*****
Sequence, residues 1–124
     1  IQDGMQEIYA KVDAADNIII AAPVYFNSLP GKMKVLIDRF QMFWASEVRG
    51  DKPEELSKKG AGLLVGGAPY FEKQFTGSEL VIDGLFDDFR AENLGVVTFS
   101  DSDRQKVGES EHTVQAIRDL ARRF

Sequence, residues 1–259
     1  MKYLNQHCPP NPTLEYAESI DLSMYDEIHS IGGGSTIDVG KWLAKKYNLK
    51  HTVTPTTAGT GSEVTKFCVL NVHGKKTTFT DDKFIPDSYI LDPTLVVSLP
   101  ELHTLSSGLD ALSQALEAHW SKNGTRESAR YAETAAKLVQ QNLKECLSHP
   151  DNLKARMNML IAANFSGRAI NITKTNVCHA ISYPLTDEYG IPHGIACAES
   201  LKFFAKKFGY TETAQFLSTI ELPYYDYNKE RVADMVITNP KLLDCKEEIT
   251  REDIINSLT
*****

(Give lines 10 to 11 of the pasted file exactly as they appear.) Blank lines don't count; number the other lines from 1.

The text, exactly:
   201  LKFFAKKFGY TETAQFLSTI ELPYYDYNKE RVADMVITNP KLLDCKEEIT
   251  REDIINSLT